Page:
Even though these Marxist fantasies had led to unprecedented ruin for all the societies that eventually came under their sway, their currency was evident throughout the curriculum. Now the alien powers were called the "patriarchy" or the "white male oligarchy," or more obliquely "institutional racism." But they were just as fantastic, and belief in them inspired passions potentially as destructive as the passions of classical Marxists themselves. No one, I said, was oppressed in America (except perhaps children by their abusive parents). To even suggest as much was to enter the realm of the absurd.

I give the leftist students credit for waiting until the end of my talk to vent their outrage over the blasphemies I had uttered. One young woman got so emotional she decided to leave the building to save herself from further contamination. Another young woman stood up, and with tremendous urgency sputtered "But what about the hierarchies? You didn’t mention the hierarchies!"

She was referring, of course, to the hierarchies of race, gender, and class that were the staples of her Bates education and the modern-day equivalents of the Marxist Satan. Her politicized professors had undoubtedly schooled her in the idea that these hierarchies oppressed people of color, women, and wage-slaves in America. In America! In the year 1999!

Of course I had actually "mentioned" the hierarchies (though not by name) to dismiss them as left-wing illusions, no more substantial than the idea that somewhere behind the Hale–Bopp comet a space ship was waiting to take the enlightened to heaven. So I tried another tack. "Let me ask you this question," I said. Where do you put Oprah Winfrey in your hierarchies?" I knew that Oprah Winfrey was at the bottom of any oppressive hierarchy conceived by leftists. As a woman born in Mississippi to a black sharecropper, who had been sexually abused, she was the oppressed of the oppressed. But Oprah had risen by dint of her own intelligence, effort, and talent to become a mother-confessor and authority figure to millions of lower-middle-class white females who had never passed through a sensitivity-training course. The fortune she was able to amass through these efforts cast her among the super-rich of America’s ruling class as one of the Forbes 400, with a net worth of $550 million before the recent stock-market boom.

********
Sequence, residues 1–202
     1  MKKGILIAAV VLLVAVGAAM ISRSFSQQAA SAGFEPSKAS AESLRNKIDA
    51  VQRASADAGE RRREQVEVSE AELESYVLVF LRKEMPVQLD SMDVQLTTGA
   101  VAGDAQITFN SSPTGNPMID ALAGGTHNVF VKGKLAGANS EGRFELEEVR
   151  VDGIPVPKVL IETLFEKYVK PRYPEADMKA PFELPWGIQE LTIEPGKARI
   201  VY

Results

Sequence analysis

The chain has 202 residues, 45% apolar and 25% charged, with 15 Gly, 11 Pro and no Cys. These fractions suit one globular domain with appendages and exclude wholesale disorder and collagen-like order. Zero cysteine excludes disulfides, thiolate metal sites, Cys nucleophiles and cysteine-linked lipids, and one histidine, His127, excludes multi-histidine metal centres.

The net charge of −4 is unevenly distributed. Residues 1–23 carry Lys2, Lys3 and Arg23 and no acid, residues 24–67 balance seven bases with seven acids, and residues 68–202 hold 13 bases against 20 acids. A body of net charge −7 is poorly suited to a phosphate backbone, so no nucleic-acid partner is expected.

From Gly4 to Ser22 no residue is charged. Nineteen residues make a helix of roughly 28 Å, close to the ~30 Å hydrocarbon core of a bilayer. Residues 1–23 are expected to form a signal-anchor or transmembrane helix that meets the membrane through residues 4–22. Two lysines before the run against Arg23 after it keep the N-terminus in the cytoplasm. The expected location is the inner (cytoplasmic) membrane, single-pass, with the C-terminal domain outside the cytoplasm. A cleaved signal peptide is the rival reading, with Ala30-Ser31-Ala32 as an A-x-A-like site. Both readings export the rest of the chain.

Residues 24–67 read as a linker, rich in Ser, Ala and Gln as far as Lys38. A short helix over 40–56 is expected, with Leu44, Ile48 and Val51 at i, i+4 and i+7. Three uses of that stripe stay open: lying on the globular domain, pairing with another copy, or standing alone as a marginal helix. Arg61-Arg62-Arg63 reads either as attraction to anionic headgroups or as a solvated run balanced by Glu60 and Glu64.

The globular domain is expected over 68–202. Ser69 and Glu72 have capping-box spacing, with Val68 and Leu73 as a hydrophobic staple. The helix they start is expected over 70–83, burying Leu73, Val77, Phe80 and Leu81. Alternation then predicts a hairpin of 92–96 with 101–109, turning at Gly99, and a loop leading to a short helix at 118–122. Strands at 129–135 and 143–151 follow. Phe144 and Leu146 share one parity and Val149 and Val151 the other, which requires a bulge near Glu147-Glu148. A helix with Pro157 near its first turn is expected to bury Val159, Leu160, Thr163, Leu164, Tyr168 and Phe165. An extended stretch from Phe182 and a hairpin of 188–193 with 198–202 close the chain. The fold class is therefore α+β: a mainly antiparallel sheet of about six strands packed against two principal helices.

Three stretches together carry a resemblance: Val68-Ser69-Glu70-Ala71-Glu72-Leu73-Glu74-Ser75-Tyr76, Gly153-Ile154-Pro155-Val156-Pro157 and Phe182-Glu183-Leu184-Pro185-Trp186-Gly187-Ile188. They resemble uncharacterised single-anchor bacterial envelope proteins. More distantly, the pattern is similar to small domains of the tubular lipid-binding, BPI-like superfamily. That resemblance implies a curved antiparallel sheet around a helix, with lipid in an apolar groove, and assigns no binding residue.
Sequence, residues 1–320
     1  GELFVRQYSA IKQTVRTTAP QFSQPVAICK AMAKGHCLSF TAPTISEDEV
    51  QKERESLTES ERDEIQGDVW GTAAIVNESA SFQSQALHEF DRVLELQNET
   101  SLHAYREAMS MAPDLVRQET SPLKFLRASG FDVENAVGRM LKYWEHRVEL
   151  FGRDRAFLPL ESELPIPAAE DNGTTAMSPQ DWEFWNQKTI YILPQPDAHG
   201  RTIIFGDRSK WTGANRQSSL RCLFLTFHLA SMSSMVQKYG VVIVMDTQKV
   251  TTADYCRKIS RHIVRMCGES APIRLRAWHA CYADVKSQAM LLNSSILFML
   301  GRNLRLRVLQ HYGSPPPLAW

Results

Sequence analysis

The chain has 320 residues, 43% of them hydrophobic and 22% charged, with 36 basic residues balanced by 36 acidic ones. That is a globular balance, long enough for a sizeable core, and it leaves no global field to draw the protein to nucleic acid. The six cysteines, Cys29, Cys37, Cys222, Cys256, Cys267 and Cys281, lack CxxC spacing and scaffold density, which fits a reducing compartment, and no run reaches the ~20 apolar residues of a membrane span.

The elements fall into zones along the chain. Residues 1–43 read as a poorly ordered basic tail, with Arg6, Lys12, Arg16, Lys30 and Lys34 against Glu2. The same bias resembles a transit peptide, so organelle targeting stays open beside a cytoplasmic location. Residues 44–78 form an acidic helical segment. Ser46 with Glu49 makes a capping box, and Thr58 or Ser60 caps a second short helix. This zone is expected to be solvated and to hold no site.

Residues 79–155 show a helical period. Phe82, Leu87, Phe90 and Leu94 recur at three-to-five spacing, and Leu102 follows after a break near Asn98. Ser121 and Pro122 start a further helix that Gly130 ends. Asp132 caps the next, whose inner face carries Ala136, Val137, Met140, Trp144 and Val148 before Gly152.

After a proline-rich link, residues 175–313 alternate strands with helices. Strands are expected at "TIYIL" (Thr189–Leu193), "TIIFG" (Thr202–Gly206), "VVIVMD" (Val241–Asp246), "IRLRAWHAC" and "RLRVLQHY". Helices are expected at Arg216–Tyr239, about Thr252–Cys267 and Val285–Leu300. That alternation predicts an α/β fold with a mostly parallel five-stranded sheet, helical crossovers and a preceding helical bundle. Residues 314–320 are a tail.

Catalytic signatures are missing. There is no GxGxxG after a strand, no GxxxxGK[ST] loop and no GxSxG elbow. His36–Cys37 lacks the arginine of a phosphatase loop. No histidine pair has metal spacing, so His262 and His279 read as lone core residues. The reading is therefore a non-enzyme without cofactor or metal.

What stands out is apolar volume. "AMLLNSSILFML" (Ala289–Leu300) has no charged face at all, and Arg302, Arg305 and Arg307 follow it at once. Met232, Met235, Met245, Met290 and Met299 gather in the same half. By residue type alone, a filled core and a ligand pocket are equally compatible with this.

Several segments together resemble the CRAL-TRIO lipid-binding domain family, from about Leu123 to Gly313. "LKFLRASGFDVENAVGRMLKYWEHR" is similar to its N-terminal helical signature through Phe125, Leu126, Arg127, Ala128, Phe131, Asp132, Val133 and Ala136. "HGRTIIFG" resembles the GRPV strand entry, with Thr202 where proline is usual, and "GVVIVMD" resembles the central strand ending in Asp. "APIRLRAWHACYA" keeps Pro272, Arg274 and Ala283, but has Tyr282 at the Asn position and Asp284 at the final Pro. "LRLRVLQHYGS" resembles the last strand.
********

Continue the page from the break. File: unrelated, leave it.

"She’s a token," the young woman said.

"Sorry, she’s not a token," I replied. "Cornel West is a token."

I chose Cornel West, as an intellectual of modest talents, whose skin color had catapulted him into academic stardom with a six-figure income at Harvard. Cornel West was a token because the university is a feudal institution run somewhat like the Communist Party, where the elect raise people up the heights by exercising the same kind of arbitrary droit de seigneur that was the privilege of rulers in pre-democratic and pre-capitalist times. There was no tenure committee or central committee, however, to lift Oprah out of the societal mud—to say, for example, to Phil Donahue, "Move over, Phil, we need a person of color to put in prime time for diversity’s sake." The power Oprah Winfrey has been able to accumulate refutes every cliché of the political left. Her psychological power over her mainly white audience has made her the first individual in history able to create a best-seller by fiat and the millions in revenues that go with it. She is a film-making industry in herself. She has shown that the barriers of race, class, and gender are not insuperable obstacles to advancement in America, any more than residual anti-Semitism or prejudice against the Irish create impenetrable "hierarchies" of oppression to bar those groups’ ascent.

But, of course, such a perspective is politically incorrect at places like Bates, so dangerous that the faculty commissars are constantly on guard to prevent students from too much contact with such dangerous ideas. The relative good behavior of my audience at Bates is not always in evidence. The campus norm is a kind of intellectual fascism (reserved of course for conservative speakers) which makes any dissenting discourse improbable, and often impossible. On the same trip, I spoke at the University of St. Thomas in Houston. When I got to the line "Nobody is oppressed in America," a very large African American student stood up and began ranting in my direction, "You’re a fascist! I can’t listen to this anymore." Then he thrust his hand into the air in a Nazi salute, shouted "Sieg Heil," and walked out.


David Horowitz is the founder of The David Horowitz Freedom Center and author of the new book, One Party Classroom.